Prices for Sorentos with the two extra pistons start at $27,395 and come with a high level of standard equipment. Used casually, the motor is well muffled and hardly makes itself noticed, but under full throttle it kicks out a raunchy, kinda racy sound that should please short track racing fans.
Fuel economy on the big engine is EPA rated at 20 mpg city/26 mpg hwy on front-wheel-drive models, and drops just one mpg on both figures with all-wheel-drive. That is as long as you have the Sorento set to ECO mode, which changes the shift pattern and makes the throttle less responsive to increase efficiency. Otherwise, you’ll need to drive with a naturally light touch.
The no-longer-a-truck is solid and rattle free, with a ride that maybe errs a bit too far to the stiff side in the name of handling, which is impressive for a vehicle in this class. Back seat passengers in particular are treated to a noticeably bumpy ride on rough roads, if my three year-old son and marginally more mature cameraman can be believed. The turning circle is tight, and the steering light, though very artificial. There’s little feedback through the wheel, and it forcibly tugs itself back to center.
To help compensate for any losses in off-roading ability, the Sorento comes outfitted with a number of electronic goodies to make the most of what it’s got. Hill hold and descent control are both standard -- the latter letting you take your foot off the brake pedal and crawl downhill at about 5 mph -- as is a locking center differential for the normally-front biased all-wheel-drive system.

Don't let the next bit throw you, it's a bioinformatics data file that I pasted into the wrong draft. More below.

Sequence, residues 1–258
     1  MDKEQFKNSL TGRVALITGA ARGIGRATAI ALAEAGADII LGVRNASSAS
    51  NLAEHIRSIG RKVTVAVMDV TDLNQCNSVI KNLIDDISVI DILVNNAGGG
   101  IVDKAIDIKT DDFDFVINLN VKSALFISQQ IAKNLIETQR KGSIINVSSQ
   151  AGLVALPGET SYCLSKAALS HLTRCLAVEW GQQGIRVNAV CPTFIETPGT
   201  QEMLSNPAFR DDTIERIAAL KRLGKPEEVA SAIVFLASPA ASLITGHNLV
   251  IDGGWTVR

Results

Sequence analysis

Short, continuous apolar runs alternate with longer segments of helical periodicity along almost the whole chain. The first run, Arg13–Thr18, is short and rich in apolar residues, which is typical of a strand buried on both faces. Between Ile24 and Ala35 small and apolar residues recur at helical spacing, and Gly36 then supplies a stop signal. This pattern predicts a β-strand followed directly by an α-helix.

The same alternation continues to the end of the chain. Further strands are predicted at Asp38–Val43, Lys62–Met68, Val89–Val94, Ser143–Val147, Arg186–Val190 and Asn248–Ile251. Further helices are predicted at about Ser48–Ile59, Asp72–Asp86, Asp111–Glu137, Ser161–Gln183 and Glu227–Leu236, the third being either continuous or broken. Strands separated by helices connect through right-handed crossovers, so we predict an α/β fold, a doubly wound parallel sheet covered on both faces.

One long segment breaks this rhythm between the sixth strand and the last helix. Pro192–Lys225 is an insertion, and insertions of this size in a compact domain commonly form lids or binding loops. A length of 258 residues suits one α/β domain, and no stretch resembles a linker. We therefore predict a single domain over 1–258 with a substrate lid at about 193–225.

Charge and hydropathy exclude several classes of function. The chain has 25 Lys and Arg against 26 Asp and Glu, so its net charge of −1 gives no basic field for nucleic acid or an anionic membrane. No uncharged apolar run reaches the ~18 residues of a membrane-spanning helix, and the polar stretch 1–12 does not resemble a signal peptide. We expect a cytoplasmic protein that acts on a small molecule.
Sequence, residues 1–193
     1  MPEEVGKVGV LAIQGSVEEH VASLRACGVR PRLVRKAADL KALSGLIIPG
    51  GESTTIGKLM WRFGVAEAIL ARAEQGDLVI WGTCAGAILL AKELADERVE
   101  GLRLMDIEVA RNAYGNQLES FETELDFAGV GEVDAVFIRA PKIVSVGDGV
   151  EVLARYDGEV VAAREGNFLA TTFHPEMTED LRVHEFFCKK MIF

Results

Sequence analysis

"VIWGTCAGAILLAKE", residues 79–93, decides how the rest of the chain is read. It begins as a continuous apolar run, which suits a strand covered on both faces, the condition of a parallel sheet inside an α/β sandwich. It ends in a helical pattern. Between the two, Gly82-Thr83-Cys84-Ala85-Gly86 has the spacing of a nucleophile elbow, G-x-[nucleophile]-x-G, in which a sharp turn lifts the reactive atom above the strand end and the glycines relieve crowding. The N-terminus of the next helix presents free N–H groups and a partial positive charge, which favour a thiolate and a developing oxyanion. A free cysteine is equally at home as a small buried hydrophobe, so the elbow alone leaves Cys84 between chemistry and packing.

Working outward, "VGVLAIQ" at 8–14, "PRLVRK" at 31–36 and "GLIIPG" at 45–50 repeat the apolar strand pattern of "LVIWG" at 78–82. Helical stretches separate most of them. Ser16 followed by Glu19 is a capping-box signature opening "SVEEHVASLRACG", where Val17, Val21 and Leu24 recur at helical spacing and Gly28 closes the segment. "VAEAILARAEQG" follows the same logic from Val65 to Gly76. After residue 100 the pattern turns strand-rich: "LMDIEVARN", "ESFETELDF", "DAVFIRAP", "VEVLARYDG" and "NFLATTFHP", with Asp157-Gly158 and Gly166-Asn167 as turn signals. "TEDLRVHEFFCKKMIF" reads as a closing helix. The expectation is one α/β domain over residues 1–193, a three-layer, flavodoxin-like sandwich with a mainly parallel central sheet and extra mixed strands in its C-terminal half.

In the week that I spent with the Sorento, I didn’t get the opportunity to get the tires dirty, but it did coincide with one of the many "snow-icanes" that hit New York City this winter, so it was subjected to plenty of snow and slush. Unfortunately, the factory equipped Kumho mud and snow tires proved unfit for the task. Not only did I slip and slide past a couple of stop signs and red lights, but had very little fun in one of the most amusing places known to a car enthusiast – the snow-covered parking lot.
Slam on the gas with the over-aggressive traction control turned on and it quickly brings the vehicle to a complete crawl, then every once in a while surges forward to test the frozen waters before it clamps down again. The operation of the system feels very rudimentary. Traction off and you’re all over the place, even with the differential locked. Hard to say if better tires are the answer, but they sure couldn’t hurt.
Of course, if it hadn’t snowed, and if I wasn’t so juvenile, I would’ve never noticed any of this. The Sorento is that impressive in everyday situations. On an even more positive note, despite my best efforts, I never actually got stuck. If I had, the Sorento comes with five years of roadside assistance along with the company's 10 year/100,000 mile warranty.
I wonder what kind of truck they send to pull you out.
2011 Kia Sorento EX 4x4
Base Price: $29,095
Type: Front-engine, front or all-wheel-drive 5-door, 5 or 7-passenger crossover
Engine: 3.5L V6
Power: 276 hp, 248 lb-ft
Transmission: 6-speed automatic
MPG: 19 city/25 hwy
What do you think of the Sorento? Share your thoughts in the comments section.
Gary Gastelu is FoxNews.com's Automotive Editor.